It is possible, my brethren, to have a disposition peaceable and amiable; it is possible to be as blameless in outward conduct as the unconverted Saul, and to possess his burning, yet misguided zeal; it is possible to listen to the sound of the Gospel, and to approve and defend its peculiar doctrine; truth, solid and substantial truth, may sometimes play around your imagination, and at some seasons reach the heart; but all this and more than this may be, and
yet no Christian character acquired, and no Christian character sustained. Building on the merits and the righteousness of the Lord Jesus Christ as your only ground of hope, and realizing that spiritual regeneration which accompanies salvation, there must be an habitual withstanding and overcoming the corruptions of the world, and the more potent corruption of the heart; the struggle against sin must never cease in the bosom till the enemy holds no place or footing. “Him that overcometh,” says the Lord Jesus Christ; and when he confers the blessing to these, he casts the mantle of a most appalling darkness over all the hopes and anticipations of the carnal heart—“Him that overcometh will I make a pillar in the temple of my God, and he shall go no more out: and I will write upon him the name of my God, and the name of the city of my God, which is New Jerusalem, which cometh down out of heaven from my God; and I will write upon him my new name."
Who among you has reasonable Scripture grounds of hope for this most glorious consummation? To the law and to the testimony bring your hopes, as well as your experience, brethren, and if you cannot be measured by the standard of the Gospel, there is somewhere some awful, some soul-ruinous mistake. Search it out, for there must be a very clear and positive religious character sustained, before this promise settles its weight of splendours on your heads. A pillar in the temple of God; an eternal residence in the city with its blessings, privileges, and its glories—but I anticipate; to this there is a contrast—the careless, unconcerned impenitent will become the fearful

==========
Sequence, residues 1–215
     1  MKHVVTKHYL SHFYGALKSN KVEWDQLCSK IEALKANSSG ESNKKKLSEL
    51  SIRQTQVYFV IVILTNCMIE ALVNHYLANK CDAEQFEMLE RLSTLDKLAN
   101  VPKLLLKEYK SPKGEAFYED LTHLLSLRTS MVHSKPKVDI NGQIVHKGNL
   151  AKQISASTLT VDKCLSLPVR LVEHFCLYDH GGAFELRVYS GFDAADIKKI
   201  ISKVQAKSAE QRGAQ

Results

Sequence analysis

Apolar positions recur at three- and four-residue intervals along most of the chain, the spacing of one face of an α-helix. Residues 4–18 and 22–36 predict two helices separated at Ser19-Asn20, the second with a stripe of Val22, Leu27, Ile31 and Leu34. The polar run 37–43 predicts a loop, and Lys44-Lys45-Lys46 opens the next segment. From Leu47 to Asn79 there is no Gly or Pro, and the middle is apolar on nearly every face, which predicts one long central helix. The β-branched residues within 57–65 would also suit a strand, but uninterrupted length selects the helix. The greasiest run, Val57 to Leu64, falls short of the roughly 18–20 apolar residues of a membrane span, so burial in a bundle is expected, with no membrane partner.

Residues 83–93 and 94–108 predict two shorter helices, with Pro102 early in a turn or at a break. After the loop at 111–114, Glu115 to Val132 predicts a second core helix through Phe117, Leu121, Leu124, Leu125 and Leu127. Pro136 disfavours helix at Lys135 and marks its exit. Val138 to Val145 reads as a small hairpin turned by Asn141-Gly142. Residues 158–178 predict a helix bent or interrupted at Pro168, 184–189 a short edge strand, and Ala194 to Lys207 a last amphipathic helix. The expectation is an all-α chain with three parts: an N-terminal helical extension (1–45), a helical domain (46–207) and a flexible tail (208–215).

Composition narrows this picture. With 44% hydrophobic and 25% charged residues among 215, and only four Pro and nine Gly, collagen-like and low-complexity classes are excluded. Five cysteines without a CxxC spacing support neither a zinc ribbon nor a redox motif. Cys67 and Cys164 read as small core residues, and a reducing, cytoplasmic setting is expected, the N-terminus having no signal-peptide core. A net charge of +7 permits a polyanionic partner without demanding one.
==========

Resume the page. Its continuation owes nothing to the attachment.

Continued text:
monuments of the wrath of God-a wrath as distinguished as his mercy, and a wrath which burns
Choose ye between the two, they are before you, and Christ invites you onward with your eyes to the city which hath foundations whose builder and maker is God.
GOD'S FIDELITY TO HIS PEOPLE,
ILLUSTRATED IN THE
HISTORY OF THE CHURCH AT PHILADELPHIA.
REVELATION iii. 7–13.
My last discourse was occupied with a consideration of the promise, which closes the epistle to the Church in Philadelphia—“Him that overcometh will I make a pillar in the temple of my God, and he shall go no more out: and I will write upon him the name of my God, and the name of the city of my God, which is New Jerusalem, which cometh down out of heaven from my God; and I will write upon him my new name.' The first portion of this promise was then fully discussed, and we now proceed to the consideration of the concluding part.
As if the description were not already overburdened with splendours, one more particular is added
_" And I will write upon him my new name.” Here again, my brethren, I recur for explanation to the custom already alluded to. It was the practice